Around 7 a.m. a couple of days after visiting the shipyard, I boarded an AgustaWestland AW139 helicopter owned by Chevron in New Orleans for the ride out to Tahiti and Jack/St. Malo. Helicopters are an essential logistical element of offshore oil production. Workers on the deepwater platforms typically work 14 days on and 14 off, with the shifts staggered by groups. So there are always employees to ferry back and forth.
Chevron maintains its own fleet of 32 helicopters and one fixed-wing amphibious plane in the Gulf. “We have our own air force,” says Steve Thurston, the head of Chevron’s deepwater exploration and projects unit, known within the company as DWEP. To meet its growing capacity needs for trips out to the far-off platforms like Jack, the company recently ordered some new Sikorsky helicopters that seat up to 19 passengers each.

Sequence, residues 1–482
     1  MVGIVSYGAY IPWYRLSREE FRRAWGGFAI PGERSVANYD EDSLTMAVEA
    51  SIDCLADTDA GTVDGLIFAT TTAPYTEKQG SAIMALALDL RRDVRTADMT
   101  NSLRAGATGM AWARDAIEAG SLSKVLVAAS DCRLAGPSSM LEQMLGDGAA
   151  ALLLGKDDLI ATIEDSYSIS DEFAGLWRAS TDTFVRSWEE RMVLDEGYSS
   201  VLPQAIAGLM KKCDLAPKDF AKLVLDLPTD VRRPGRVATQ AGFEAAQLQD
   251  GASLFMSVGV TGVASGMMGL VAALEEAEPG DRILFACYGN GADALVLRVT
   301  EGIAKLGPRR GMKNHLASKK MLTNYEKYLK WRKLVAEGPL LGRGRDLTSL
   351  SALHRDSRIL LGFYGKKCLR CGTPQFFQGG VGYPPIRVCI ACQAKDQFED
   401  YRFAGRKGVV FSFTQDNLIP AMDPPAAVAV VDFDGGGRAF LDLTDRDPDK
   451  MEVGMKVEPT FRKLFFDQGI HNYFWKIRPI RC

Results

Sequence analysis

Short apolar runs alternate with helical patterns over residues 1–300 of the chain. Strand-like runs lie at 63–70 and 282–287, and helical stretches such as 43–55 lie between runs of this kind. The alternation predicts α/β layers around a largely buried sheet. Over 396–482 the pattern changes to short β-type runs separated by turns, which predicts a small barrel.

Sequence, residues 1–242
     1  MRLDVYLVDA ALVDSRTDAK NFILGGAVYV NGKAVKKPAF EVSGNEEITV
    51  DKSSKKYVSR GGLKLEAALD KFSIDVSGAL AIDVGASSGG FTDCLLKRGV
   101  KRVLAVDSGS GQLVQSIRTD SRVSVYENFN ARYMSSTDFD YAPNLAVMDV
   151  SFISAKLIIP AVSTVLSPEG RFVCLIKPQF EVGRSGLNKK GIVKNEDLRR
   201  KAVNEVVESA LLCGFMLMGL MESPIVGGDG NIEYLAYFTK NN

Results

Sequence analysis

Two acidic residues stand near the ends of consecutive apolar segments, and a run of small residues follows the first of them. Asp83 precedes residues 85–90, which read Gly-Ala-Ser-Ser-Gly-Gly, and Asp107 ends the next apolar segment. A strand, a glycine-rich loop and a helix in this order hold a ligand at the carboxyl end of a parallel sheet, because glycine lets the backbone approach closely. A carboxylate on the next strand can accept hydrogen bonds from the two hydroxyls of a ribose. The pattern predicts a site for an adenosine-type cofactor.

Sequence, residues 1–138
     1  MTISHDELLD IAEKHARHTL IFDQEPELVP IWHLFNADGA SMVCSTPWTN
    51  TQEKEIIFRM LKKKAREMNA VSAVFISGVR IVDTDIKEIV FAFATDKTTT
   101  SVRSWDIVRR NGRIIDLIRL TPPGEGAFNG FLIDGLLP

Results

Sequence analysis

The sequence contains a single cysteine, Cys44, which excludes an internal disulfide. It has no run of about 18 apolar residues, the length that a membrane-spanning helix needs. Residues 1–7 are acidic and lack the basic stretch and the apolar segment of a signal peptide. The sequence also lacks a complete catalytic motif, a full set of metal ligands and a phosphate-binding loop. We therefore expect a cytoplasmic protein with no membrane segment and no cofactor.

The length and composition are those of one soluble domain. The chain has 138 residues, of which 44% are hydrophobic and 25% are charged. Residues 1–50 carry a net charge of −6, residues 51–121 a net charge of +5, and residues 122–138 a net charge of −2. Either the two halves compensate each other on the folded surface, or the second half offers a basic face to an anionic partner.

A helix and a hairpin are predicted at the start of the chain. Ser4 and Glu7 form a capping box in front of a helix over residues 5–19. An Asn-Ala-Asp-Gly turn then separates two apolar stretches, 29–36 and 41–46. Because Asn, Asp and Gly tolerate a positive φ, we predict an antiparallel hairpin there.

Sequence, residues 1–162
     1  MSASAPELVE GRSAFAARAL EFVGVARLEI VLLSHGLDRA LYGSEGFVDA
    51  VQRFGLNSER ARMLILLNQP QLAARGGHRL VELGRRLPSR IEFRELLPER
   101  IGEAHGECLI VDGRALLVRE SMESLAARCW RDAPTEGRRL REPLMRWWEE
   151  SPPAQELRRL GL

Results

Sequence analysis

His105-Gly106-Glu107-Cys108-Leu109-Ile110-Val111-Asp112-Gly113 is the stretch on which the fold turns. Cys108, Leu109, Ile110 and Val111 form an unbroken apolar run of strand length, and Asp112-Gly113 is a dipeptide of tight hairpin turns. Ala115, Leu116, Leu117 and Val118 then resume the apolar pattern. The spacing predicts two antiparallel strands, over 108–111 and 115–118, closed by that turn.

After a stopover at Chevron’s shore base in Leeville, La., to pick up extra fuel and fix a minor mechanical issue, we embarked on the roughly one-hour flight from the coast to the Tahiti platform. It’s a commute that offers plenty of time to be alone with your thoughts—or doze. There’s not much to look at below other than the mesmerizing shimmer of sunlight on the crystal-blue ocean water and the occasional streaks of algae.